Because the state law is a railroad safety law, it should be analyzed under the Safety Act, he wrote. The Safety Act preempts state laws in conflict with it, except if the state law falls under one of the Act’s two safe harbor provisions, he noted.

To fall under the first safe harbor, the state statute could not regulate a subject matter that the secretary of transportation had already regulated. The Safety Act includes a provision requiring Ohio and nine other states to develop and submit to the Federal Railroad Administration a state “highway-rail grade crossing action plan” to address safety risks at rail crossings. The issue of trains blocking an intersection for a length of time falls into the broad category of grade-crossing safety, the concurrence stated. Since the federal law governs grade-crossing safety, the state law could not fall under the first safe harbor.

To fall under the second safe harbor, the state statute cannot be incompatible with federal law. Justice Fischer agreed with Justice Kennedy’s lead opinion that the state law interfered with federal regulations in the Termination Act involving switching, operations, and routes. Because this interference made the state law incompatible with the Termination Act, the concurrence maintained that the state law cannot fall under the second safe harbor in the Safety Act and is preempted.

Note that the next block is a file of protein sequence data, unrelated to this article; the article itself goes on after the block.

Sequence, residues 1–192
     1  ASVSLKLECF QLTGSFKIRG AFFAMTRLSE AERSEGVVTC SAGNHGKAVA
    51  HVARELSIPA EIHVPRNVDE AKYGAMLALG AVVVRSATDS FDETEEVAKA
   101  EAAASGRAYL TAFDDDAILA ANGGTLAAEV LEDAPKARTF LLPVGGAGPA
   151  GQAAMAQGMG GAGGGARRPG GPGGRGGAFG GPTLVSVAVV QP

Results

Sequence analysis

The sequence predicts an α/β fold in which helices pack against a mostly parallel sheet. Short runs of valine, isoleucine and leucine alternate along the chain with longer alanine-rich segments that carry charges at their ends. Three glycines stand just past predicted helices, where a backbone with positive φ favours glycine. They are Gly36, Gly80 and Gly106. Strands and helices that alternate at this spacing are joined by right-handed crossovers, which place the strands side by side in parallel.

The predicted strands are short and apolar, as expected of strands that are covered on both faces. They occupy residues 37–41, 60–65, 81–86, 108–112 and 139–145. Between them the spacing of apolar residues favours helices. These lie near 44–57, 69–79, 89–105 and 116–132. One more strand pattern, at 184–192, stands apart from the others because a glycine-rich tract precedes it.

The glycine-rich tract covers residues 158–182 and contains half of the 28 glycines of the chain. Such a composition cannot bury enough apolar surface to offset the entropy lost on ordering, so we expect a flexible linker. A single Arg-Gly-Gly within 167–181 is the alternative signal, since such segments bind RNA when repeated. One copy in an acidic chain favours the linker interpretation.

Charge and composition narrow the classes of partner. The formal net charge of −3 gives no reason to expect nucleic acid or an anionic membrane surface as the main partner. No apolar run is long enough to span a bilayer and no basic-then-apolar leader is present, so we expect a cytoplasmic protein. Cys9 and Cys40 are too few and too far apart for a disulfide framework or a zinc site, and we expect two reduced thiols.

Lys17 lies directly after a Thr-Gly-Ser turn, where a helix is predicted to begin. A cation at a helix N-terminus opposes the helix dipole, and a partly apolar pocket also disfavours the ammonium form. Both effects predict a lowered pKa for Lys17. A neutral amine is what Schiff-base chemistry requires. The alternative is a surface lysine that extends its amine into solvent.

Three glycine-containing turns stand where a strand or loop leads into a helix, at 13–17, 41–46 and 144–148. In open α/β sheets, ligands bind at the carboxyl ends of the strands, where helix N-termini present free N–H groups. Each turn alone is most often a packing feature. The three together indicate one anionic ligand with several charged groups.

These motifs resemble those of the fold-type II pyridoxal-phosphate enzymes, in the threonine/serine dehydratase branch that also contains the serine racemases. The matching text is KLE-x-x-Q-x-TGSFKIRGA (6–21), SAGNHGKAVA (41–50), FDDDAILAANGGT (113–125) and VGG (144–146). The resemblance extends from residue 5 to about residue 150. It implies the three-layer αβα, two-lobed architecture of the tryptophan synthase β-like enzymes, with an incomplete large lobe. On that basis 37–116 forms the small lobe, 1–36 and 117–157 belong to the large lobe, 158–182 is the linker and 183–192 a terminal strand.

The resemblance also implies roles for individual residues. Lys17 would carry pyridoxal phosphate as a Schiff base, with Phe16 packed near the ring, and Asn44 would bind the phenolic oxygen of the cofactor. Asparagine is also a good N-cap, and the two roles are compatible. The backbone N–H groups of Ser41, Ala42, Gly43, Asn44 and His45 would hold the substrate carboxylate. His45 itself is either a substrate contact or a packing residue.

The concurring opinion encouraged the General Assembly to work with Ohio congressional members to resolve issues related to trains blocking public crossings.

“Although I personally think the applicable federal laws does not adequately protect the public, my hands are tied,” Justice Fischer stated.

State Lawmakers Authorized to Prevent Blocked Railroad Crossings, Dissent Maintained
Justice Brunner, in her dissent, agreed with the concurring opinion that the antiblocking law is a railroad safety law. Unlike the concurring opinion, she wrote the state law meets one of the exceptions in federal law and can be enforced.

The dissenting opinion noted the five charges against CSX are for blocking crossings for 45 minutes to more than an hour. While railroads historically have been federally regulated because of their interstate nature, Ohio and other states have “long exercised some degree of police power over crossings,” Justice Brunner wrote.

The dissenting opinion noted other courts have struck down antiblocking laws by finding they conflict with federal regulations on train speeds, length of trains, and required safety checks. Those courts have viewed the federal laws as substantially governing blocked crossings “because, in effect, they control how long a train will linger across a grade crossing,” the dissent explained.

But R.C. 5589.21 does not apply to speed, length, or safety checks because it only applies to trains that are stopped, the dissent asserted.

“Under R.C. 5589.21, CSX may still operate a train of any length or at any speed and conduct all required safety checks – it just cannot stop across a road too long,” the dissent stated.

The state law does not conflict with any subject matter regulated by existing law and can be enforced, the dissent concluded.

2020-0608. State v. CSX Transp., Inc., Slip Opinion No. 2022-Ohio-2832.